I'm Spanish, a journalist, and Muslim. These last two things I am by choice, as a result of the long personal process that took me from atheism to Islam. Many have come in contact with me to hear my opinion on the Parisian attacks. My profile is "interesting." It's surprising that a European woman adopts Islam, and even more when she hasn't done it "for love." A typical prejudice. As if Muslim men had magical penises that would make us lose the capacity to make decisions by ourselves. Those who think that way do the same as those they criticize: treating us like minors and stealing our voices.
I will say for the umpteenth time that I condemn the attacks. I am against terrorism and, although this might seem obvious, you must say this until others are satisfied when you are Muslim. They already know that all the terrorists are Muslims, except that 98.6% of them are not. It's not a joke; in the subconscious of many, Islam and violence are irrevocably linked.
I've been on the other side: I know that general knowledge of Islam is not only abysmal, but, sometimes, the consequence of ill-disposed teachings. "Do you know anything positive about Islam?" I asked students in an institute in Madrid where I gave a talk. No, they didn't know anything. Such ignorance facing a religion followed by 1.5 billion people should scare us. But, most can only distinguish between the hijab, niqab, and burka.
The focus is on the anecdotes. On everything that lets us keep this fixation we have on looking at the world dichotomically, the bikini or the burka, with me or against me, #JesuisCharlie or #JenesuispasCharlie. We insist on erasing what unites us to center on how to impose ourselves. For this we reduce Islam into something homogenous. These days we've gotten to the point of hyper-reduction. Poetic. The newspaper El Mundo was titled: "The muslim street reacts to the front page". The ancient 'Muslim world' now fits in one street. Meanwhile, the newspaper El País published an album with 11 pictures titled: ‘Protests in the Arab world for Charlie Hebdo’, six of them being from Pakistan.
A few days ago there was a debate about whether in Spain there are double standards concerning freedom of speech. This was before the arrest of the French humorist Dieudonné for putting on Facebook: "Tonight, for what concerns me, I feel Charlie Coulibaly." The debate examined whether those who want respect for representations of the profect Mohammad would do the same for those of the Pope, the Jews, or the king.
Relevant to this is what happened in 2006, when the satirical newspaper El Jueves was confiscated by judicial orders, because of the crime of insulting the monarchy. On the front cover there was a caricature of the Princes of Asturias (now King and Queen) in an explicit sexual situation. Many branded me as against freedom of speech and for the events in Paris. It's the problem with duality and prejudice; as I am Muslim, this is what they imagine I must think -- when the men around me let me, they'd add.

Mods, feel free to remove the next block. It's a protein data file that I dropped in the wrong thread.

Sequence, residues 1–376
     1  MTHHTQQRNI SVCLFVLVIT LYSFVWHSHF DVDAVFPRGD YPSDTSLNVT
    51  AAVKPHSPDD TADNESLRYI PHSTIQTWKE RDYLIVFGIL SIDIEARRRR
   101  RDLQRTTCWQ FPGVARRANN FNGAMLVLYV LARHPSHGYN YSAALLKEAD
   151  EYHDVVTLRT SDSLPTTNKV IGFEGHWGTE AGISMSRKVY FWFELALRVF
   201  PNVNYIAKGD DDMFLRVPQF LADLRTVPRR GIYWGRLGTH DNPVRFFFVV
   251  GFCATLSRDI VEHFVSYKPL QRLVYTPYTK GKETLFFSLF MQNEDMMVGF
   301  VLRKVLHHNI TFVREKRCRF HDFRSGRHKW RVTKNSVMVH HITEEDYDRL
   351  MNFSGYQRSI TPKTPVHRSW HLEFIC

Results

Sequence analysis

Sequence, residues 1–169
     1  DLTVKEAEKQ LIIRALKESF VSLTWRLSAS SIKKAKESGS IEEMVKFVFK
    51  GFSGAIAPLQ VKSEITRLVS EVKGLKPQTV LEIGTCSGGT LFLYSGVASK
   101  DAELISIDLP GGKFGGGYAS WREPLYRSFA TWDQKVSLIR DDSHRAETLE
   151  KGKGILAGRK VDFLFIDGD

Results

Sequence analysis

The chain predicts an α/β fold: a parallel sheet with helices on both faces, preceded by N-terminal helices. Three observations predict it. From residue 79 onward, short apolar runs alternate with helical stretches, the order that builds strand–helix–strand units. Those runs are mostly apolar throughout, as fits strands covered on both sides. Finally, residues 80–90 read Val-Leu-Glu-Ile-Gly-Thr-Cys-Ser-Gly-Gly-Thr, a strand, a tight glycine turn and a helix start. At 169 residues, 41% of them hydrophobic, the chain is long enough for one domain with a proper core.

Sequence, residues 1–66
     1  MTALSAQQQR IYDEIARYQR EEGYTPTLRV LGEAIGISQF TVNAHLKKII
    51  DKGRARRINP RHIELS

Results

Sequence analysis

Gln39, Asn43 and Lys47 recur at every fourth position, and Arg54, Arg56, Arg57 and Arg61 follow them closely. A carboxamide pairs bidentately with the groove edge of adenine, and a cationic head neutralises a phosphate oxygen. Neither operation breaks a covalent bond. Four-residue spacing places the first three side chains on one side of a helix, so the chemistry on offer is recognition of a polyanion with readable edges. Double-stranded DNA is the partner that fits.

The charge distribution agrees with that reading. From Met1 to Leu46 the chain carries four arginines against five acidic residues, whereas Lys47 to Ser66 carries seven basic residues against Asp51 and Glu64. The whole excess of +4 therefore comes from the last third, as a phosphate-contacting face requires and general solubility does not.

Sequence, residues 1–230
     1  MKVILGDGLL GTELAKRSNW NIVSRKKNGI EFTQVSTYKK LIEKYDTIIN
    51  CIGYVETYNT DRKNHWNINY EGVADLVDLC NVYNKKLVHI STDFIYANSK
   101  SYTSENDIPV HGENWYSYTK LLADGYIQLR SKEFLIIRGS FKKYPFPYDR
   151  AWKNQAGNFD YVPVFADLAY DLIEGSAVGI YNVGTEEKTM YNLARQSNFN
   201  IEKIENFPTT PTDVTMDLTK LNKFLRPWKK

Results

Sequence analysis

If one says they are not Charlie, to express disagreement facing its contents, one is faulted with supporting terrorism. No shades of gray. The discourse of those who use Islam to justify their agenda is all the rage. These days I read articles about Wahhabism that try to explain that this is the illness of Islam. Thanks, I've been screaming my head off for years.
The Parisian terrorists were French and Muslim, however, we omit their French identity and only scrutinize their identities as Muslims. Said Kouachi was 12 and his brother Cherif was 10 when they were orphaned and sent to live in a home of the Claude Pompidou Foundation, under the tutelage of the Republic, as explained by Eloïse Lebourg in Reporterre.
The children of French immigrants also read Voltaire, Rousseau, or Montesquieu. As says my colleague Ahmed Benchemsi, founder of the weekly newspaper Telquel, unless we believe that ethnicity influences thought (which is the definition of racism), there is no reason to believe that these people are more susceptible to these ideas than the "native French." But only a handful of people talk about the failure of public policies.
France is going to include a new subject, "moral and civic" education, in primary and secondary schools. I think that part of the solution is teaching values at school, nevertheless in Spain, religious freedom is limited, such as denying education to girls wearing Islamic veils, among other things. I know, this is another issue in a long debate.
Radical Islam is dangerous, and so is radical secularism. In Spain, a country that is nondenominational according to the Constitution, the government has awarded Medals of Merit to Holy Virgins. Yes. Nevertheless, the agreements of 1992 to protect the rights of religious minorities are practically worthless.
Althought I don't usually like them, the caricatures of Charlie don't irritate me, and I'd never be violent because I've been raised in another way and because the Prophet never would've acted that way. The caricatures don't make me angry--and to tell the truth I find the cover of 'Everything is forgiven' brilliant. The issue of images in Islam is as trivial as that of the veils--which only appears in two lines of the Quran. I'm indignant that people kill on behalf of my faith, that their voices are the ones that are heard, that I'm not seen in the same way because I'm Muslim, and that while trying to fight prejudice I steadily lose friends and jobs in this free Europe of Western values.